In recent times, gender equality has been the subject of global advocacy. Development experts say gender equality is the bulwark towards an inclusive society. This point is highlighted in the United Nations Sustainable Development Goals (SDGs) 5. The goal calls for the empowerment of girls and women and the eradication of all forms of discrimination against women. Central to advocacy for gender equality is the issue of women’s participation in politics.

The 2021 African Barometer report on Women’s Political Participation (WPP) indicates that women constitute 24% of the 12,113 parliamentarians in Africa — 25% in the lower houses and 20% in the upper houses of parliament. At local government level, women make up 21% of councilors in the 19 countries surveyed.

According to the 2021 Gender Gap Index released by the World Economic Forum, the overall gender gap in sub-Saharan Africa is 32.7%, as only 67.2% of the gap has been closed so far. now. The report says how much progress has been stalled, “even slightly reversed, so it will take 121.7 years to close the gender gap.”

Nigeria has not been a good example in the concert of nations in terms of gender equality and inclusive governance. Although the country has made significant progress under the previous administration of President Goodluck Jonathan, the clock of progress seems to have turned backwards. Nigeria was ranked 139 out of 153 in the 2021 Global Gender Gap Index, behind many African countries like Niger, Algeria, Ivory Coast, Egypt, Gambia, Tunisia , Burkina Faso and many others.

It is a sad reality that out of 36 states in the federation, there are no elected female governors while there are only about three female deputy governors across the country. In the National Assembly, there are only about 8 women senators out of 109 and 11 women out of 360 in the House of Representatives.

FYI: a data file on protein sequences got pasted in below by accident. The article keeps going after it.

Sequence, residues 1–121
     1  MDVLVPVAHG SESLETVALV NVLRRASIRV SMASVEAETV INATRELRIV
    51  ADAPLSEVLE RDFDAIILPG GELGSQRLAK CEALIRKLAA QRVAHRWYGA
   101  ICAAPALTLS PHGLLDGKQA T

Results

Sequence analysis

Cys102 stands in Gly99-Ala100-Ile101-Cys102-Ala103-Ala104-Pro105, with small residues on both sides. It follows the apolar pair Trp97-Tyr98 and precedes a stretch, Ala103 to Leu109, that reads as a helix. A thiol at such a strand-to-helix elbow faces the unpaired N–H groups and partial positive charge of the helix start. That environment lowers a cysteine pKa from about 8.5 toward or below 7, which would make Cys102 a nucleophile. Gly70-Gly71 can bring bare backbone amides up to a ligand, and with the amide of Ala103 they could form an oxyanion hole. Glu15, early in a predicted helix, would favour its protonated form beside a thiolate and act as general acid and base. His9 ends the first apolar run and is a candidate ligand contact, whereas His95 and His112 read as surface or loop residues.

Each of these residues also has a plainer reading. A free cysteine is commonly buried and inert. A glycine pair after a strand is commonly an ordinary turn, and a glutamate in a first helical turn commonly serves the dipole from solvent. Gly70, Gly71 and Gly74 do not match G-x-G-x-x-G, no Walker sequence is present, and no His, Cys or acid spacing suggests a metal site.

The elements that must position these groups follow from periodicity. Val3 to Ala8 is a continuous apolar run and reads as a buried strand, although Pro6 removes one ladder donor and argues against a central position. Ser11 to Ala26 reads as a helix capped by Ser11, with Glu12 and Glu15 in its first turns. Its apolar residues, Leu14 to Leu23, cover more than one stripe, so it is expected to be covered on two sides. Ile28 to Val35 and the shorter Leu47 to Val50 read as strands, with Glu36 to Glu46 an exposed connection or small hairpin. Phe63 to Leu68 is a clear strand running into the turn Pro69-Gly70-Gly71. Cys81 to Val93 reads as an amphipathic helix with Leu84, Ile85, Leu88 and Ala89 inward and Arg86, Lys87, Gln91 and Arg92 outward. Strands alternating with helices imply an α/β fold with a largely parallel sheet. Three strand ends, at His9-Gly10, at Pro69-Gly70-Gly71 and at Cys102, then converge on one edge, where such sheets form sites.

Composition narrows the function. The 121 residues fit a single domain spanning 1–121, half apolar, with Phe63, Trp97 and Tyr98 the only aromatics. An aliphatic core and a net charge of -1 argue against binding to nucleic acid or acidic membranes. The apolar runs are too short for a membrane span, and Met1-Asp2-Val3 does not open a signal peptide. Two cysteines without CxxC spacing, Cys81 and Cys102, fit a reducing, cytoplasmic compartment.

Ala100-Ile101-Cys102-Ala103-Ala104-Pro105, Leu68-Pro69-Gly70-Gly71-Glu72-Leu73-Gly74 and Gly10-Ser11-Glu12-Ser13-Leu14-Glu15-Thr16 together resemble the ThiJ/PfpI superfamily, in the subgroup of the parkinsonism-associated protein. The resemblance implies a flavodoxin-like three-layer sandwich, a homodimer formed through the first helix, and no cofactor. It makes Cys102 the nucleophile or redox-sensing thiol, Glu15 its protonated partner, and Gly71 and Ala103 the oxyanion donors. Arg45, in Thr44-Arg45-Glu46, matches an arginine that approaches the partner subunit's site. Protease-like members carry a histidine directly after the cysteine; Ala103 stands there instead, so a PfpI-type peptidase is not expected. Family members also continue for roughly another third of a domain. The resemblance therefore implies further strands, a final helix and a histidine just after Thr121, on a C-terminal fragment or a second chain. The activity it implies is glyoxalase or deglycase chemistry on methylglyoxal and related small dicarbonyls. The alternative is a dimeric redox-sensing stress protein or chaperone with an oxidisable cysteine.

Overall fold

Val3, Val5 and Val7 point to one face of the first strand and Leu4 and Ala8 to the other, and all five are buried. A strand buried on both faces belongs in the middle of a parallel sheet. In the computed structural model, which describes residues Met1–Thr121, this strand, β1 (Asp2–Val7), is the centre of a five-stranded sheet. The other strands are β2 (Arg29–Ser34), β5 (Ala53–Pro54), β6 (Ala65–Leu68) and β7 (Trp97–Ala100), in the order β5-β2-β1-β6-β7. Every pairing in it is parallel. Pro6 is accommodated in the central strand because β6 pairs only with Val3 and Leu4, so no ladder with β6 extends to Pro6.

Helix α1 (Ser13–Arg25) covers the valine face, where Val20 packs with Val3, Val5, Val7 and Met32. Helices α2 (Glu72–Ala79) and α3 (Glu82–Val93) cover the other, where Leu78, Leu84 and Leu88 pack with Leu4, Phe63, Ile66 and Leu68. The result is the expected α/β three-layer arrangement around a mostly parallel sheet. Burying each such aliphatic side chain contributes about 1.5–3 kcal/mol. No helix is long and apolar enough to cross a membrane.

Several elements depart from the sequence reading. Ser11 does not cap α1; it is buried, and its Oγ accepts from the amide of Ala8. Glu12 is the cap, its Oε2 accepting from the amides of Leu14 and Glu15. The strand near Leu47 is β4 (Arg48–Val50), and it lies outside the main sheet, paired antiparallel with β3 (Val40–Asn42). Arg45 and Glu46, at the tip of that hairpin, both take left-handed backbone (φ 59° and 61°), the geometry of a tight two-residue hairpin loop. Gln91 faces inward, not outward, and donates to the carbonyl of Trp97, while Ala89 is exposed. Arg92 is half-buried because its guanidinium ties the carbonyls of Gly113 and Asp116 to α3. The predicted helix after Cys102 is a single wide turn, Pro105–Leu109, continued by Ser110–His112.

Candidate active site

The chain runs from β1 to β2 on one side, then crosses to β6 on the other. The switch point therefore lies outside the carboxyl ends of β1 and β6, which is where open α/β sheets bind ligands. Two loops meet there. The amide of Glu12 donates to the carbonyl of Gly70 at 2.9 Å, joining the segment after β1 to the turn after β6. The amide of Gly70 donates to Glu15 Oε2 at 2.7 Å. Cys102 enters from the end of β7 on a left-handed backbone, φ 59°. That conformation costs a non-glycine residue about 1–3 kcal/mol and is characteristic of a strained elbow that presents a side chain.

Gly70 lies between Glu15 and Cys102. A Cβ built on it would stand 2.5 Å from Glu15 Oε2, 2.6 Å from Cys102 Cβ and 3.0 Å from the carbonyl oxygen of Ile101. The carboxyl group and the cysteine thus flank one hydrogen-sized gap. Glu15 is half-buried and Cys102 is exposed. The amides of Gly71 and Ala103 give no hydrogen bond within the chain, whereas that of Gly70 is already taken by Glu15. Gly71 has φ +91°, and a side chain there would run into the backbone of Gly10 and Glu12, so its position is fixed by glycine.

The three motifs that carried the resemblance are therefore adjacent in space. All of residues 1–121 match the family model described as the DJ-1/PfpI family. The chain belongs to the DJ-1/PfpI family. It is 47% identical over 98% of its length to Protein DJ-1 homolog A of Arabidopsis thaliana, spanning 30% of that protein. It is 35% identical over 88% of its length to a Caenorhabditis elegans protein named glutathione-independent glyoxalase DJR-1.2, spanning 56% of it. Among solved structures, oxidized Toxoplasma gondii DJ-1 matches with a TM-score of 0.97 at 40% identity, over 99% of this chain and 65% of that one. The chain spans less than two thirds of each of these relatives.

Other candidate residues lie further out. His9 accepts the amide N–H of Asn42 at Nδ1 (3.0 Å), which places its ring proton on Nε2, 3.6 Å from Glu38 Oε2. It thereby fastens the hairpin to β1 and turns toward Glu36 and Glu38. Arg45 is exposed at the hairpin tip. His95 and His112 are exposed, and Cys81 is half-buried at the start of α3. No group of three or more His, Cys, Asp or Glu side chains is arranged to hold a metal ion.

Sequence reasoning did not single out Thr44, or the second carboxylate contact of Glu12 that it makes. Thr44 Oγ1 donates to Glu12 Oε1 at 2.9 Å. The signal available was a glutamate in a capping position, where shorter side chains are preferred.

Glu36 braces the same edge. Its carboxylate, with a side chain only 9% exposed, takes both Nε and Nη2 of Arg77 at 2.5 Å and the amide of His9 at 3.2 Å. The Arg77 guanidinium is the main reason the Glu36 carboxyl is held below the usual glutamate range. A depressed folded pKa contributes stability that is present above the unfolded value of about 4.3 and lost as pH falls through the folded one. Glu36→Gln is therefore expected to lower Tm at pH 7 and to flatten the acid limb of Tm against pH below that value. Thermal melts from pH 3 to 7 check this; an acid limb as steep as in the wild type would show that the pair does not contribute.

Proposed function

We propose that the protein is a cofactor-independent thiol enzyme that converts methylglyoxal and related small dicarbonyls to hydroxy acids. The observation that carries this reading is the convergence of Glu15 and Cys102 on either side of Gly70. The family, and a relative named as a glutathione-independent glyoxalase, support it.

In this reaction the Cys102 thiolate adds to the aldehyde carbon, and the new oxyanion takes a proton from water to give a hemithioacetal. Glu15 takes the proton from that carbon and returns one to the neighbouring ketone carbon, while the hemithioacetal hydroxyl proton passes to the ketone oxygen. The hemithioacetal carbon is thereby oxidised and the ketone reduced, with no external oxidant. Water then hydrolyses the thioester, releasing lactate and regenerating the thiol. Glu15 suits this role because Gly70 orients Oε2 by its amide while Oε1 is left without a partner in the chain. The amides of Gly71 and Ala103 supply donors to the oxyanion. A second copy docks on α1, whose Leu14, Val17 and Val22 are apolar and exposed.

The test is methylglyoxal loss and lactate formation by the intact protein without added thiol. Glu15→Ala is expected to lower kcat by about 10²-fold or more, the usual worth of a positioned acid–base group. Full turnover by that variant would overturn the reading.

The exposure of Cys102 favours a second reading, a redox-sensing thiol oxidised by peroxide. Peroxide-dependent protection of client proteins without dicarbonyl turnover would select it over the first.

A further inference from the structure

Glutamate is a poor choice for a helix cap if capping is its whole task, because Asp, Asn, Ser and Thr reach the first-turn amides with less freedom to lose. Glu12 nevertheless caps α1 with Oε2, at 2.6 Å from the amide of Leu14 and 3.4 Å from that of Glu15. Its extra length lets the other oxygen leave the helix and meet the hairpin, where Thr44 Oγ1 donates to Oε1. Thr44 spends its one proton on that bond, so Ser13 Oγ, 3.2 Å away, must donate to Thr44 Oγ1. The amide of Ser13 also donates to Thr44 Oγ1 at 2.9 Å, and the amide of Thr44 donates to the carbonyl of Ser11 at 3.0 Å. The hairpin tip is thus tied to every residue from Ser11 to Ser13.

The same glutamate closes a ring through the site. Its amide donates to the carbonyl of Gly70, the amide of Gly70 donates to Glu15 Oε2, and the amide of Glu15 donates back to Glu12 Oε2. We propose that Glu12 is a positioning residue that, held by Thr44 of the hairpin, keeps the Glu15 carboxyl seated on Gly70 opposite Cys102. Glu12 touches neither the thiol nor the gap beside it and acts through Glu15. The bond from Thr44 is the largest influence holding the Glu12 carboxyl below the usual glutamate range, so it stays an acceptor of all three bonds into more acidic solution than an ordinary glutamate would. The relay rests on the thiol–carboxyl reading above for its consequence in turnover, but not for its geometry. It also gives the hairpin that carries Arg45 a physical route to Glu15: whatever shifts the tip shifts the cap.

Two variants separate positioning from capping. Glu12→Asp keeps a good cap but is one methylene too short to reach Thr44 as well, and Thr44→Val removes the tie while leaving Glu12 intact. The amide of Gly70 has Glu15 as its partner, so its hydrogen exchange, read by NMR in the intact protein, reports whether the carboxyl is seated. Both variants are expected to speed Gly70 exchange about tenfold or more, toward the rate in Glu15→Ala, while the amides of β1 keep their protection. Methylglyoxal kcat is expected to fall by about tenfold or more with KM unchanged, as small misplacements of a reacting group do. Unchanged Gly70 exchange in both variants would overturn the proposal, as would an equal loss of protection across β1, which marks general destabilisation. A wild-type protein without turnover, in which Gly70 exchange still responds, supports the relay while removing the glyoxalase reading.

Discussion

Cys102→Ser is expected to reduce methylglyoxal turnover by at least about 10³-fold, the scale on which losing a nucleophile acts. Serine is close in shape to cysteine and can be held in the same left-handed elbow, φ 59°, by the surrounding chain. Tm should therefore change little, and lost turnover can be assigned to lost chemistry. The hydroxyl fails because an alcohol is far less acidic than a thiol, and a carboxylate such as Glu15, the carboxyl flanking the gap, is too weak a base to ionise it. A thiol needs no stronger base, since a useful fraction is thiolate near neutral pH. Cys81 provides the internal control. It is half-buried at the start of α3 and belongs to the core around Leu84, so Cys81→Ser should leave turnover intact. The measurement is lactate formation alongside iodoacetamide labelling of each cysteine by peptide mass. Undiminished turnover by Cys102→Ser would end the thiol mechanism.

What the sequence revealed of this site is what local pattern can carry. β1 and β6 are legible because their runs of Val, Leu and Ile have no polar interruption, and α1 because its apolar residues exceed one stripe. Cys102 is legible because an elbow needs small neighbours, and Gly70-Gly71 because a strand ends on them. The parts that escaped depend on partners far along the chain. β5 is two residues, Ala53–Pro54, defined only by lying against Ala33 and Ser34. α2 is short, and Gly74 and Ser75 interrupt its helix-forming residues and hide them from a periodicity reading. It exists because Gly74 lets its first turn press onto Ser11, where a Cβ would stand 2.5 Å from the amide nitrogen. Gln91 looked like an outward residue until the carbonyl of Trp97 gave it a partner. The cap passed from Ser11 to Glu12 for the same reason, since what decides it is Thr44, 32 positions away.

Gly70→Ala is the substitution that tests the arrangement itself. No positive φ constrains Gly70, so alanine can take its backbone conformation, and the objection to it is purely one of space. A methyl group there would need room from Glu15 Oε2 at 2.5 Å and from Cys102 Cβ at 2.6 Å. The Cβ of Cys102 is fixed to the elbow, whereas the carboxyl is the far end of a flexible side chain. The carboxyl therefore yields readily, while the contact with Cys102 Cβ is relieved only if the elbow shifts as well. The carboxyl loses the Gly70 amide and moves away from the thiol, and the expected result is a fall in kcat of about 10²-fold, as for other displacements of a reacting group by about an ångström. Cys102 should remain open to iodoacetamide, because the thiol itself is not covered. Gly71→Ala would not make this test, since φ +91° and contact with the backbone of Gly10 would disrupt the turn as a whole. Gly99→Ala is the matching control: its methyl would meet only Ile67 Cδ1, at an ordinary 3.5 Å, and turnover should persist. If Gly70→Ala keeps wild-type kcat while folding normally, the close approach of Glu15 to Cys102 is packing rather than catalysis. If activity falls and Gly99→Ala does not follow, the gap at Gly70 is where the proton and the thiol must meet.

Conversations about gender equality in Nigeria are often framed by many biases – with cultural and religious biases serving as roadblocks preventing honest debates about the importance of gender equality and political inclusion. One of the challenges of Nigerian democracy is the lack of inclusion in our political system. Across nations there are turmoil centered on the issue of political inclusion and until we address these issues, our democracy will not serve the interests of many citizens.

Equality, justice and fairness are often seen as the hallmark of democracy; gender equality should therefore be seen as a democratic right and not as a challenge to our religion and culture. Every society has more to gain when there is equity, social and political inclusion for all citizens due to the intersectionality between inclusive governance, peace and sustainable development.

This moment therefore presents us with a good opportunity to bring issues of gender equality and inclusive governance to the forefront of our national discourse and ensure that prejudices against women and other marginalized groups are broken down. In this way, our democracy can flourish and produce the desired dividends for its people.

Wealth Dickson Ominabo is Communications Officer at the Goodluck Jonathan Foundation